Iowa’s rich history is preserved for visitors of the state’s 26 National Historic Landmarks. Step back in time and discover Iowa’s origins, as well as the role the state played in the history of our nation. Here are the landmarks that are open to the traveling public.
1. Amana Colonies
These seven historic villages were founded by German immigrants as a religious communal society in 1855. One of Iowa’s most famous travel attractions, the Amana Colonies preserve their crafts and culture while offering a variety of experiences.
2. Blood Run Site, Granite
Blood Run was an intertribal and ceremonial center for the Oneota and Prairie Dakota tribes from 900 to 1720 A.D. Located along the Big Sioux River and and Blood Run Creek, the site includes burial mounds and village sites that are accessible by foot.
3. Farm House Museum, Ames
The Farm House was built in 1860 as the first building at Iowa State Agricultural College and Model Farm in Ames. More than 6,000 pieces of Victorian decorative art and antique furnishings are on display, offering a glimpse into the early 19th century life of the university and its first two presidents.
4. George M. Verity Riverboat, Keokuk
The George M. Verity paddlewheel steamboat was built in 1927 in Dubuque and retired in 1960. View its original boiler, machinery, crew quarters and pilothouse. Photos of 19th century riverboats and artifacts of the steamboat era are also displayed.
5. Herbert Hoover Birthplace, West Branch
The West Branch grounds of this presidential library and museum include President Hoover’s birthplace cottage, grave sites of President Hoover and Mrs. Lou Henry Hoover, a reconstructed blacksmith shop, one-room schoolhouse and 76-acre tall-grass prairie. The visitor center, administered by the National Park Service, interprets the early life of Hoover in Iowa. Temporary gallery offers changing exhibits relating to American history.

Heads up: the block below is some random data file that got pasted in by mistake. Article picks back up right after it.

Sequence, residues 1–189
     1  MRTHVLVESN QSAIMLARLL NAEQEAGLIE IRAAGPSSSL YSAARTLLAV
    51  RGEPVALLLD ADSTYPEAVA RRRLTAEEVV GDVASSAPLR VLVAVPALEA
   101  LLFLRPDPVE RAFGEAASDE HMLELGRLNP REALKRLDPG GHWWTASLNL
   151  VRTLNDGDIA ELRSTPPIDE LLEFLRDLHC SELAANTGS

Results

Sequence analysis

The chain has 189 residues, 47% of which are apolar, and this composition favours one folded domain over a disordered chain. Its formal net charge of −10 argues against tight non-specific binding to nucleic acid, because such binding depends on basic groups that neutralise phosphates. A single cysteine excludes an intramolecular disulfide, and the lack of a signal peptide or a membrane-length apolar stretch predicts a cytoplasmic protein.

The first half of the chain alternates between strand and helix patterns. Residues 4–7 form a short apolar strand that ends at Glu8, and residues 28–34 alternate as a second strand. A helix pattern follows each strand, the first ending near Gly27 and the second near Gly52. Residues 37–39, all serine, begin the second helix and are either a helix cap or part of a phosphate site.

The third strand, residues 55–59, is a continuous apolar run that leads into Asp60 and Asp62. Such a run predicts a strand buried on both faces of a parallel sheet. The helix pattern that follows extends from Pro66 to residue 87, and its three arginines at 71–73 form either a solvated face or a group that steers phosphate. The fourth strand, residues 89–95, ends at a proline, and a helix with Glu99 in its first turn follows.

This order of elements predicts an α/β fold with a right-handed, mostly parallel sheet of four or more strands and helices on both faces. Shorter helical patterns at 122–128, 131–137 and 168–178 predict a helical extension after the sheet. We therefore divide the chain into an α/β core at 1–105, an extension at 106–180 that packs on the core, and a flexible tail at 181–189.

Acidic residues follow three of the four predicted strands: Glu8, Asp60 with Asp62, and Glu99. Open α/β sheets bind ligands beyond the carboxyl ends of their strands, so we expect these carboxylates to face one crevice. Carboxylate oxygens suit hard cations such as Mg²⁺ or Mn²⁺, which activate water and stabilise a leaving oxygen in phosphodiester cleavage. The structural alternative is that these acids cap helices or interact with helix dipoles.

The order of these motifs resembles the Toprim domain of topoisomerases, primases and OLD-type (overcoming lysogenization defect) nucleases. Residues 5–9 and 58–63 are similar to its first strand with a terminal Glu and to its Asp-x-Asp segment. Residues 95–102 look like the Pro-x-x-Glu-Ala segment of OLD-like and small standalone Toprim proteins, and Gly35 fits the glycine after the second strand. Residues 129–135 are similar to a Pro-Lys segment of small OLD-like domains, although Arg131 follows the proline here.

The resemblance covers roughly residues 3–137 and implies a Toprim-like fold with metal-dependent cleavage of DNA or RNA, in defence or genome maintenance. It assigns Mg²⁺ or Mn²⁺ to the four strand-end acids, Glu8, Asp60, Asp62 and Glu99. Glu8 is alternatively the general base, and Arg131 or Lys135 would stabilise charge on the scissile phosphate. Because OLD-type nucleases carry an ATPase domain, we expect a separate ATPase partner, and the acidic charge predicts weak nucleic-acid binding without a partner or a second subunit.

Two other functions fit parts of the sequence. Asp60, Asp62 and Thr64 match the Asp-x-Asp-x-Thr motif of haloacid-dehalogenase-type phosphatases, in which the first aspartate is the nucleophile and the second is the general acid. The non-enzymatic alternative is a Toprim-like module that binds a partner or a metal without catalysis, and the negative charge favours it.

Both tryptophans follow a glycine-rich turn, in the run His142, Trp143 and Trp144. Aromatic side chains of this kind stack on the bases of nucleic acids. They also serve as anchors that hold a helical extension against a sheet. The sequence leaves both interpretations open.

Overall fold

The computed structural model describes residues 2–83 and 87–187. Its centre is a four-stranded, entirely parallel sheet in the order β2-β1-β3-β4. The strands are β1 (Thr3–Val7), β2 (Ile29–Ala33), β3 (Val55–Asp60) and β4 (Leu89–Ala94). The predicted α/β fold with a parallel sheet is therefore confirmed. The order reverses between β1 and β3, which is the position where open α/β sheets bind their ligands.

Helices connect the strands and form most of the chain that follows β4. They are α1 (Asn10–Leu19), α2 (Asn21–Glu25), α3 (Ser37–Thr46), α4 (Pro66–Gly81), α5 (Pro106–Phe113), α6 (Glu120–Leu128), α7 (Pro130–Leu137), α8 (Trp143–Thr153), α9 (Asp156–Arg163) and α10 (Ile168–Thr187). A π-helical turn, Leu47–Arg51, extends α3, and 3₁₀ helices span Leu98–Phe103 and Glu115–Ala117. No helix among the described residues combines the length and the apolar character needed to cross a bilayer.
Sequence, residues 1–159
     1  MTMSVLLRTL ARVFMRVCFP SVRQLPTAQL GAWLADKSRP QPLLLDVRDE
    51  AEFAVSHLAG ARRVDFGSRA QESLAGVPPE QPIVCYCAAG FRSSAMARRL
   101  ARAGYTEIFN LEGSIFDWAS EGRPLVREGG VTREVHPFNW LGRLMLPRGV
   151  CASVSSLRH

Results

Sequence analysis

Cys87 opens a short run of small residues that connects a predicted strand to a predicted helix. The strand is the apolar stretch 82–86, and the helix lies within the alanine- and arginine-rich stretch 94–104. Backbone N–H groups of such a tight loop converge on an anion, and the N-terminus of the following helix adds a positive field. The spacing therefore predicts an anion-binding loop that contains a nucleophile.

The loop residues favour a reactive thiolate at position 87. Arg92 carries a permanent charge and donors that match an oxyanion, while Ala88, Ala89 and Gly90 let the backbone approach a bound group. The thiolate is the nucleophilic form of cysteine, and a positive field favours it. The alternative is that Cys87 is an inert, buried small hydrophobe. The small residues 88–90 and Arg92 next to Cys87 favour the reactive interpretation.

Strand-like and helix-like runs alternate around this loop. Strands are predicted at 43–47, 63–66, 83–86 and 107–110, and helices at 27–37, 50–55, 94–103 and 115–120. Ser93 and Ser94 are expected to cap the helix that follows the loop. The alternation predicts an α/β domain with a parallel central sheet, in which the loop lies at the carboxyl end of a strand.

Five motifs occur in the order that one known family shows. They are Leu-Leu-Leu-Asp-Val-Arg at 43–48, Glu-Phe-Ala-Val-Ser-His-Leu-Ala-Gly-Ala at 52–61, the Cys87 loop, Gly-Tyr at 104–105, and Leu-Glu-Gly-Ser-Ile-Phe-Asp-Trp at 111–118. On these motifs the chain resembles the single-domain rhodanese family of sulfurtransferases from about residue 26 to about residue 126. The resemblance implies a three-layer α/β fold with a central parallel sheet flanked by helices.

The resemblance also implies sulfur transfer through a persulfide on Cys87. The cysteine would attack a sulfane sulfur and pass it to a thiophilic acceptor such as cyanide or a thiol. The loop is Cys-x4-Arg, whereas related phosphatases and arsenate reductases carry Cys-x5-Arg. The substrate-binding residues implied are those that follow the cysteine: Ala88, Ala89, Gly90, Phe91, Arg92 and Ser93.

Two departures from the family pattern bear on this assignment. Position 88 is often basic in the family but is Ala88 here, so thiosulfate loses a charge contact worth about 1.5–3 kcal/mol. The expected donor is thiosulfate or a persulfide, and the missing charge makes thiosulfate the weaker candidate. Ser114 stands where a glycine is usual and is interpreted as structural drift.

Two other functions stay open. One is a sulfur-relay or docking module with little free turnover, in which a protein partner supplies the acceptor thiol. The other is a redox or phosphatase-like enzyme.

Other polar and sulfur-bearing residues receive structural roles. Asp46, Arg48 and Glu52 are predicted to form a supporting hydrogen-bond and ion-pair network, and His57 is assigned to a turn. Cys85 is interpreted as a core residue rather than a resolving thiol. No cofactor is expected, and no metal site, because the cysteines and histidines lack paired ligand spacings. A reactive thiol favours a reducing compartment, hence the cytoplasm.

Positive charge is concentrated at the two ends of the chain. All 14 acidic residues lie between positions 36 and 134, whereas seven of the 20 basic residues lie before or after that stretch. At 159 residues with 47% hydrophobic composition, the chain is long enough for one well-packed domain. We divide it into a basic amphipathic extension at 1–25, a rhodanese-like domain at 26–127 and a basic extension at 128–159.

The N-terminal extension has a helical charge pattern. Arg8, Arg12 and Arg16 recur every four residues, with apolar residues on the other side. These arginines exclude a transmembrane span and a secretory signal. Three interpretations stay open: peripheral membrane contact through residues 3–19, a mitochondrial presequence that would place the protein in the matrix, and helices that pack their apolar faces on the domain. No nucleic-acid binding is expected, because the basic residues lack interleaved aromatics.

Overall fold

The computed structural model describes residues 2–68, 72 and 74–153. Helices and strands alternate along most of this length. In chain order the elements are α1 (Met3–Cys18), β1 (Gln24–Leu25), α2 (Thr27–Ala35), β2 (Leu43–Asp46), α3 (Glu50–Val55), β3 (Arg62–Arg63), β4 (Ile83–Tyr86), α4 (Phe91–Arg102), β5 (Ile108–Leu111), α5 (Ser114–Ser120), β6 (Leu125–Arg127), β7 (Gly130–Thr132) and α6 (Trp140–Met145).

6. Historic General Dodge House, Council Bluffs
Grenville and Mrs. Dodge constructed the 14-room, three-story Victorian General Dodge House in 1869. Dodge, a Civil War general, railroad builder, banker and politician, was very involved in the planning, making several modifications including central heating and hot and cold running water.
7. James B. Weaver House, Bloomfield
The Weaver House was the home of Bloomfield lawyer and Civil War General James B. Weaver. This striking, two-story, pink-brick structure was built in 1867 by the one-time United States representative.
8. The Lone Star Steamer, Le Claire
The Lone Star Steamer, the last wooden-hull sternwheeler, is housed in the Buffalo Bill Museum in Le Claire. Constructed in 1868, the boat plied the waterways of the Mississippi, Ohio and Missouri Rivers. The Museum serves as a tribute to legendary native “Buffalo Bill” Cody as well as a memorial to American Indians, pioneers and steamboat days.
9. Merchants National Bank, Grinnell
Constructed in Grinnell in 1914, this simple cubical-plan structure is one of the best examples of the “jewel box” banks designed by Louis Sullivan late in his career. Today, the restored Merchants National Bank houses a number of civic organizations.
10. Mines of Spain Recreation Area, Dubuque
This landmark includes hundreds of archaeological sites near Dubuque, providing a rich history of American Indian settlement, lead mining, fur trading, lumbering and farm life. The Mines of Spain includes 14 miles of trails, river overlooks, prairies and an interpretive center.
11. Old Capitol, Iowa City